Review: The Discreet Charm of the Bourgeoisie – Luis Buñuel

In his 1972 film The Discreet Charm of the Bourgeoisie, Luis Buñuel constructs a world of middle-class dreamscapes.

From the off it would be easy to assume that these weren’t dreams at all, as the surrealist style in play is nowhere near as blatant as say Buñuel’s previous collaboration with Dali Un Chien Andalou, or Deren and Hackenschmied’s Meshes of the Afternoon. The Discreet Charm of the Bourgeoisie instead hinges on satiric surrealist subtleties and discreet disruptions to the normative.

The loose narrative follows six socialites who engage in a series of failed dinner parties and unsuccessful soirees. The various twists and turns of their ruination evolve from mistaken dinner dates, to impromptu sexual encounters, and even a woman with gun and a lettuce in her handbag. Frequently they conclude with a waking realisation of a man that it may have just been a dream – or a dream with a dream, or a dream overlapped by reality, or…

Buñuel’s satire is constantly humorous, though at times it’s a strain to muster a laugh, but at others it’s a strain the stifle one. It’s a shame that though its themes and concepts are not as outdated as the 70s clothes and interior would infer, the audience at times subsides into boredom through repetition and lack of verve. However, the underlying message of it all being a class act shines through at least.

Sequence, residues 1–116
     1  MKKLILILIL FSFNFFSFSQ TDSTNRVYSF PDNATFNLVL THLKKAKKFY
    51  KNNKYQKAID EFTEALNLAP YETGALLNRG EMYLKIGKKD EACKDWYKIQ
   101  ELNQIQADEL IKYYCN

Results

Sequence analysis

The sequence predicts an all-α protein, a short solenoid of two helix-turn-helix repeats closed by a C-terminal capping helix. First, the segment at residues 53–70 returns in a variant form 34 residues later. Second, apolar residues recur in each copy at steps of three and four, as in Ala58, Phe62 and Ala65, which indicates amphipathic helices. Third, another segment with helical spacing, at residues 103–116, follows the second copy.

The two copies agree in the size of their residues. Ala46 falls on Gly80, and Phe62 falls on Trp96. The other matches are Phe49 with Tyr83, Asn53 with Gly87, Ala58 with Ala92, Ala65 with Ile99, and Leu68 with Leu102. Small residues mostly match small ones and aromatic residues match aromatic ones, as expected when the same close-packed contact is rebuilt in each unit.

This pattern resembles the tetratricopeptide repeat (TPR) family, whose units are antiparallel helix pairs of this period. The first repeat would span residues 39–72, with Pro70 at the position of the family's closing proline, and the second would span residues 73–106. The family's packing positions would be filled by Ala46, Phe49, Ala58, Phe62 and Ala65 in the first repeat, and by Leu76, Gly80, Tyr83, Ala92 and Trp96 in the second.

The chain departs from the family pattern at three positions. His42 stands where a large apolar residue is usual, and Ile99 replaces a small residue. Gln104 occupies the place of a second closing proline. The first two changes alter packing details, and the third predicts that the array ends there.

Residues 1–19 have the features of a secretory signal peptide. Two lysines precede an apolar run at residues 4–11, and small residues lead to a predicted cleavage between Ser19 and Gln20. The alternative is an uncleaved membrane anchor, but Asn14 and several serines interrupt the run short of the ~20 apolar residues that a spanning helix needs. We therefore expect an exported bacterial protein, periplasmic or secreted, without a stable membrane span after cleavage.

One poignant scene, the three couples are sitting at another dinner party table when the wall behind them moves away to reveal an audience: they are on stage. Dumbstruck, the guests receive a prompt line from a man in the stage – which one of the men dutifully repeats. The women, in their little black dresses, of course leave the room with tuts of distaste. The audience boos them down; they can’t even act properly!

In the end, The Discreet Charm of the Bourgeoisie successfully champions an undermining of bourgeoisie lifestyle and the satirisation of ingrained, arbitrary class consciousness. If our minds are tuned to the high-brow concentration required that is…

The Discreet Charm of the Bourgeoisie, dir. Luis Buñuel (France/Italy/Spain, 1972)

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